A repeat customer jumped aboard to fish for muskies on Lake Hopatcong on Saturday, said Capt. Dave Vollenweider from Live to Fish Guide Service. The angler also decided to spend half the trip trying for hybrid striped bass that Dave’s been angling on the lake. No muskies bit, not unusual for the fish of 10,000 casts. Then the trip fished for hybrids, but that was slow. Dave had originally brought the rods and bait, chicken livers, for hybrids, in case the angler wanted to switch to hybrid fishing, if musky fishing was slow. The angler decided to spend half the trip on muskies, and half on hybrids. Not a full effort was made for the hybrids, because the full trip didn’t fish for them. But the angling was given a shot. Only one white perch was hooked, and the perch have been mixed in with the hybrids. Some of the hybrid trips have scored quite well aboard in past weeks on Hopatcong, covered in past reports here. The hybrids need to be located. If none of the fish bite after a half-hour, anglers should relocate the boat, Dave explained in a past report. Dave searches for bait marked on the fish finder, then anchors the boat. He does something to attract the hybrids that he didn’t want to reveal. Chicken livers have been catching the hybrids best. Hopatcong was 48 to 51 degrees on the trip, and a father and son are supposed to jump aboard Friday to fish the lake with Dave, and that will be the season’s final trip on the lake for him, because the boat launch will be closed after this holiday weekend. No other public launch is available that he’s aware about. But he’ll switch to fishing Greenwood Lake then, and knows a launch that’s available past Christmas there. Greenwood was 42 degrees, the last Dave saw, and all these lake temperatures were relatively warm, in this warm autumn. Dave’s made catches at Greenwood late into the year, including a 7-pound walleye two weeks before Christmas. He’s also been fishing Monksville Reservoir on his own a little for muskies. Giant muskies swim Monksville, and the angling can be tough, but this is the time of year to catch large ones. A trip might fish all day and land one or none, but the fish can be giant. Dave is featured in the new, December/January issue of Musky Hunter magazine in the article Garden State Muskies. Muskies, and any fish in lakes like these, for that matter, can be found anywhere in the water column this time of year. That’s because water temperature becomes the same, from top to bottom, once the lakes turnover for the season, which they already have.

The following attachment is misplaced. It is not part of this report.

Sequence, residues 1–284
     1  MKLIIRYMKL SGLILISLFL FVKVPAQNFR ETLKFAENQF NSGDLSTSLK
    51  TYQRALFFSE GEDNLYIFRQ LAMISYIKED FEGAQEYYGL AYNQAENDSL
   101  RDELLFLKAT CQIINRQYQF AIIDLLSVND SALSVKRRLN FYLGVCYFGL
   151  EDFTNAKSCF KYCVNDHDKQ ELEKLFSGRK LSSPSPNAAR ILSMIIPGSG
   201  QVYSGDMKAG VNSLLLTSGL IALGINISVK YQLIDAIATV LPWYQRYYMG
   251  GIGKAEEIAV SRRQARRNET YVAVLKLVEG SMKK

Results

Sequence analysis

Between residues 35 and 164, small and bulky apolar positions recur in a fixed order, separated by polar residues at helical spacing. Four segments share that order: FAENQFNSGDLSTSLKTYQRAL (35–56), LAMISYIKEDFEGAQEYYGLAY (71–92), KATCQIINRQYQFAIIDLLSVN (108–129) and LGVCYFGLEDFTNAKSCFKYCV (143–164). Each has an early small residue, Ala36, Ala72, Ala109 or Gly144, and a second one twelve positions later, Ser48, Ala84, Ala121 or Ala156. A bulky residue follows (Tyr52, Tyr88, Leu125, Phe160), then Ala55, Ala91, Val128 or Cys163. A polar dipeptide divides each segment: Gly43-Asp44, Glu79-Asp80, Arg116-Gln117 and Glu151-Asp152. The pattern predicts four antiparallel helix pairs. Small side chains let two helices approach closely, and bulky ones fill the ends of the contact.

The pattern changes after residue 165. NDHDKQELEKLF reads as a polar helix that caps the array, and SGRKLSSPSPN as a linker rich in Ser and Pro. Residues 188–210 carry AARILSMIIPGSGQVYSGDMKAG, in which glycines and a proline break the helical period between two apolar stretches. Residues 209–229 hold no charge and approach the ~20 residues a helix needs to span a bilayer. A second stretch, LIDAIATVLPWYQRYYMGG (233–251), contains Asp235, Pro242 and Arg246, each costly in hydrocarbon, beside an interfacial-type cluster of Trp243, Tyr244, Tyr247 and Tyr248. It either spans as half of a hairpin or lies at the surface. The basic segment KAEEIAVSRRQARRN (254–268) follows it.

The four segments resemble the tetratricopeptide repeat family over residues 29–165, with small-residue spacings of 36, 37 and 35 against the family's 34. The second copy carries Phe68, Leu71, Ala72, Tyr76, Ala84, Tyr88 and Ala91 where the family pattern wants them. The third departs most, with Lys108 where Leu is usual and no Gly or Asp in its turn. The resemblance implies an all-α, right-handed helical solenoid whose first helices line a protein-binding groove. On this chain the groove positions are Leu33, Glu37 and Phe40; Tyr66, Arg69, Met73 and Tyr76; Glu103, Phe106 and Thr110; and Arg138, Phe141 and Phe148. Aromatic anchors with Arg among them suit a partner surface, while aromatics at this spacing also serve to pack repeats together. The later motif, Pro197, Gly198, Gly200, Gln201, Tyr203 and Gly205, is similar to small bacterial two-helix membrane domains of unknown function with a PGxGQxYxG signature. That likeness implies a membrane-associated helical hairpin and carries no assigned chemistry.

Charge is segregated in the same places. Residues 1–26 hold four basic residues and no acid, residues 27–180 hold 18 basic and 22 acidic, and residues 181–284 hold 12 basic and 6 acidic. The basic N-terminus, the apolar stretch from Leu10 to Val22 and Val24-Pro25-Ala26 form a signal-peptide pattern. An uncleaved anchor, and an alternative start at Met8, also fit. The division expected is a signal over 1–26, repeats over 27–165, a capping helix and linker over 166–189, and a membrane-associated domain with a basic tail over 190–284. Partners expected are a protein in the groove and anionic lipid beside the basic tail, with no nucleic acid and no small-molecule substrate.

Water levels rose on trout streams by now, probably reaching average, said Brian from Ramsey Outdoor in Succasunna. The higher water helped disperse trout throughout the streams from the fall stocking, after the fish previously gathered in pools for deeper water. The trout are being caught, and some are good-sized, like 18 inches. Trout were sizable in the stocking, and while that stocking, locally, is at streams, the winter trout stocking took place this week that is all at lakes. The fall stocking is at streams locally, but also at lakes farther south in the state, where fewer of the warmer streams can harbor trout. One customer currently reported catching on Trout Magnets. Customers who fly-rodded nabbed the trout on small flies like blue-winged olives and midges. One connected on streamers about size 8. Nothing was heard from Delaware River, like about smallmouth bass. Hybrid striped bass were boated from Lake Hopatcong, and walleyes were also heard about from Hopatcong that were jigged on Rapala ice-fishing jigs. Someone said trout began to be landed from shore at Round Valley Reservoir that cruise along the shoreline this time of year.
Walleyes were jigged from Greenwood Lake, said Cheryl from Fairfield Fishing Tackle in Pine Brook. Anglers bought worms for trout fishing, but no results were reported. Passaic River ran low, but not drastically. Anglers will still fish for northern pike that the river is known for. See this article about the pike. Carp fishing was heard about from the river last week, but not this week. Customers geared up for saltwater fishing for striped bass and blackfish. Both fish “were out there.” In the surf, striper fishing would come and go, and that’s typical. But the angling was a decent experience, overall, she said. Anglers might not beach the keepers they’d like, but the fishing didn’t get skunked.